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I am trying to prove the 3D Diffusion Equation $$\begin{cases}u_t(\vec x,t) &= c\nabla u\\ u(\vec x,0)&=g(\vec x)\end{cases}$$ From the 3D Fourier Transform, where $\vec k,\vec x\in\mathbb R^3$.

I took the Fourier Transform of both sides of the 3D Diffusion to get:

$$\widehat u_t(k,t)+c|\vec k|^2\widehat u(k,t) = 0$$

Now, this gives that the solution to the ODE is: $$\widehat u(k,t) = \widehat g(k) e^{-ct|\vec k|^2} = \widehat g(\vec k)\cdot\widehat f(\vec k)$$

Now, to find the solution, I want to find the Inverse FT of $f$, whcih leads to: $$\frac{1}{(2\pi)^3}\iiint_{\mathbb R^3}e^{-ct|\vec k|^2+ikx} d\vec k$$ So isn't $|\vec k|^2$ a scalar? If not, how would I take the integral of the integrand?

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$|k|^2$ is a scalar, but $\vec k$ is a vector. Note that also, in your last equation, $x$ should be $\vec x$, so the last expression is $$\frac{1}{2\pi}\iiint_{\mathbb R^3}e^{-ct|\vec k|^2+i\vec k\vec x} d\vec k$$ You can either solve the integral in Cartesian coordinates, or change it to spherical coordinates. $|\vec k|^2$ will transform into $k^2$, $\vec k \vec x$ is $kx\cos\theta$, and $d\vec k$ is $k^2\sin\theta dk d\theta d\phi$. The integration limits for $\phi$ is from $0$ to $2\pi$, $theta$ goes from $0$ to $\pi$, and $k$ is from $0$ to $\infty$

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  • $\begingroup$ Wouldn't it be a lot harder in spherical...? And so wouldn't I just have to integrate with respect to the vector $k$? Or do I have to consider the scalar $|\vec k|$ there as well? $\endgroup$ Nov 6 '17 at 2:37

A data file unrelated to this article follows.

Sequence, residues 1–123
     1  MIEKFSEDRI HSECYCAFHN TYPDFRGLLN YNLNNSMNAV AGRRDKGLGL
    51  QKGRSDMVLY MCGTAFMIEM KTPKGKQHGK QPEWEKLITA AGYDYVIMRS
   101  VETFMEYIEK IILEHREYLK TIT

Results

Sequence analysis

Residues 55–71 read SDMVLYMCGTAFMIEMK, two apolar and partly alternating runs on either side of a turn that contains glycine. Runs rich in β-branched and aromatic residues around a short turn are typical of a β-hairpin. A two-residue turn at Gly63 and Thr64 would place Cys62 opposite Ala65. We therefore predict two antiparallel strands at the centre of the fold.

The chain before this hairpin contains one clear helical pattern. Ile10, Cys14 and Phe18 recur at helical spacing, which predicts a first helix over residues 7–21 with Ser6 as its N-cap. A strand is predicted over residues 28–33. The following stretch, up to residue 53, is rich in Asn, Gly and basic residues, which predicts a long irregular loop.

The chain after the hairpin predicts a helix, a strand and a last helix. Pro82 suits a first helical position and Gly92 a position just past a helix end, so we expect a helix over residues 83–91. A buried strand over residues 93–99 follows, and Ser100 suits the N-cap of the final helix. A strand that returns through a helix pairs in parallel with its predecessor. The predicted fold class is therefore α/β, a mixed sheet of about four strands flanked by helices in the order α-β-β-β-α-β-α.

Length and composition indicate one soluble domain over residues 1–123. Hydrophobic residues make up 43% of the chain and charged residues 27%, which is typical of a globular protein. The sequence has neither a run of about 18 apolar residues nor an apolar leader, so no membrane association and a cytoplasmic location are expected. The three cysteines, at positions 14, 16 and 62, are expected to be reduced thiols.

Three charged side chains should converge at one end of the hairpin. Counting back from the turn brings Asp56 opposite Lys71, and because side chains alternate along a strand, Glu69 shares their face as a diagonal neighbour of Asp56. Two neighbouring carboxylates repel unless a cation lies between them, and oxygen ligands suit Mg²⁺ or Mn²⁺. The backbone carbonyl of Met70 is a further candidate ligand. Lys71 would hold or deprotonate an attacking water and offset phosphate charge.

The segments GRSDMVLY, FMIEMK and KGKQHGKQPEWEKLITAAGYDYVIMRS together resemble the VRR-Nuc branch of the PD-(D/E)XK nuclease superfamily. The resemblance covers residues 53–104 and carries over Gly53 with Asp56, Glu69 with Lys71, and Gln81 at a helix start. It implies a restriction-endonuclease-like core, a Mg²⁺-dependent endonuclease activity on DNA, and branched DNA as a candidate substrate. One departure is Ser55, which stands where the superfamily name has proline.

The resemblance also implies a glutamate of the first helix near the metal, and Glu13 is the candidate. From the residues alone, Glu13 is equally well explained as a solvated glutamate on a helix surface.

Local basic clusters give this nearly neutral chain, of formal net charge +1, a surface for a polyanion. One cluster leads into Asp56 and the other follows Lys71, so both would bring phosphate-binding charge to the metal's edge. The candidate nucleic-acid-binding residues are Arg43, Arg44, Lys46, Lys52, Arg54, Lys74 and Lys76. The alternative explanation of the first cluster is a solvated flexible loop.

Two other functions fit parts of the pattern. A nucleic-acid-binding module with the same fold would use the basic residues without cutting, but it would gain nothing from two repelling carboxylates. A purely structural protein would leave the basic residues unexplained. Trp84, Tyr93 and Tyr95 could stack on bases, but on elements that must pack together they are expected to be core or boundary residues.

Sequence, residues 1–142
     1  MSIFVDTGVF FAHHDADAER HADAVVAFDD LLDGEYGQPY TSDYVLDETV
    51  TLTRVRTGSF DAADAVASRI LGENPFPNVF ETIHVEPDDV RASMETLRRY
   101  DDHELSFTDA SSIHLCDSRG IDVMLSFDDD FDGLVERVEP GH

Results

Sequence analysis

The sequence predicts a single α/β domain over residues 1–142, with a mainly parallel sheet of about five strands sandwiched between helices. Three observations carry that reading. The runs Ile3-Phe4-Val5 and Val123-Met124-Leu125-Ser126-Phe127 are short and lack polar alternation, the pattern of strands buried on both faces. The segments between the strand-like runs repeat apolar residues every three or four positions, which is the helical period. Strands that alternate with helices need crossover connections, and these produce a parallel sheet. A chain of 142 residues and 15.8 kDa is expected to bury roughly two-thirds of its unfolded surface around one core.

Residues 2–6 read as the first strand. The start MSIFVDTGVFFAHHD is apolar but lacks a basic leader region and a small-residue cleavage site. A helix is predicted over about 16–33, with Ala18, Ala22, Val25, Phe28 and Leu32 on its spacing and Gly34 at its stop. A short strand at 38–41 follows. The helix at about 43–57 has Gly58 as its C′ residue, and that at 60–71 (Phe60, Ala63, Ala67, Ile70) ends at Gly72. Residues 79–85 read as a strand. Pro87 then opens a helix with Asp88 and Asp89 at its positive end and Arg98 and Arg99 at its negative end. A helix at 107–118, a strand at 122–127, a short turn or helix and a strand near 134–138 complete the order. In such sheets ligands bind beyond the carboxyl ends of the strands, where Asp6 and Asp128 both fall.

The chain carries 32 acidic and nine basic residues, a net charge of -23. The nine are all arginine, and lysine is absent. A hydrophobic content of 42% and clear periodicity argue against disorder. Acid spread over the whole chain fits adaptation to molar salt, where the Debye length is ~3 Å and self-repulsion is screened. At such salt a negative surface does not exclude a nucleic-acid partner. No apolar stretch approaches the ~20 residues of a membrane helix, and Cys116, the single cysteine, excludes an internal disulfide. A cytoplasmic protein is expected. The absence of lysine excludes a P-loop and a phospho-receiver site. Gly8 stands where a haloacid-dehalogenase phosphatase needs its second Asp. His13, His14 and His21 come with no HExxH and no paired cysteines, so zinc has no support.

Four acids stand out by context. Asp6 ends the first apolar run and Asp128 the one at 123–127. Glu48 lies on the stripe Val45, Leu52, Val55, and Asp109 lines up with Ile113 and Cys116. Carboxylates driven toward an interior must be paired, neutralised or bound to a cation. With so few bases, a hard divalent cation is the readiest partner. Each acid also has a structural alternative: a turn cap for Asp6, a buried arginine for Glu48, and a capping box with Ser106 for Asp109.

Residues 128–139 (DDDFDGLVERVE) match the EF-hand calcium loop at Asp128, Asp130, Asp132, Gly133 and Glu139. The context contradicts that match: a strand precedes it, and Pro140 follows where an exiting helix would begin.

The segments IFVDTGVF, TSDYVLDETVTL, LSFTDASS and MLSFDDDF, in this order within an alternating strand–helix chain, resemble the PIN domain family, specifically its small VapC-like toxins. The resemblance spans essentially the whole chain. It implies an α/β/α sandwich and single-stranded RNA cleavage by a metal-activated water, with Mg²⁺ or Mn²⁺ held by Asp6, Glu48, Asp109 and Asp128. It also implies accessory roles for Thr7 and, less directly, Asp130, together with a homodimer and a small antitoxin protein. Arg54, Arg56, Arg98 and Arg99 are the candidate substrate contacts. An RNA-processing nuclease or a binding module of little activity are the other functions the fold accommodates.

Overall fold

• $\begingroup$ The scalar $k$ is the "radius" in spherical coordinates. In Cartesian coordinates $|\vec k|^2=k_x^2+k_y^2+k_z^2$, and $\vec k\vec x=k_x x$ if you choose the appropriate coordinate system. And $d\vec k=dk_x dk_y dk_z$ $\endgroup$
    – Andrei
    Nov 6 '17 at 2:41
  • $\begingroup$ Which one is the easier way to integrate this? Both of them seem like a lot of work... The Cartesian you would have you integrate over $k_1, k_2,k_3$ given $\vec k=<k_1,k_2,k_3>$. But Spherical you would have to do crazy integration by parts to solve this, both of them seem very ridiculous. Is there a trick I am missing here? $\endgroup$ Nov 6 '17 at 2:51
  • $\begingroup$ Both are relatively easy. See for example math.stackexchange.com/questions/307019/3d-fourier-transform $\endgroup$
    – Andrei
    Nov 6 '17 at 2:53
  • $\begingroup$ I would also reccomend my question from a yearish ago, it's a more general version of this problem: math.stackexchange.com/questions/1281047/… $\endgroup$
    – DaveNine
    Nov 6 '17 at 4:51

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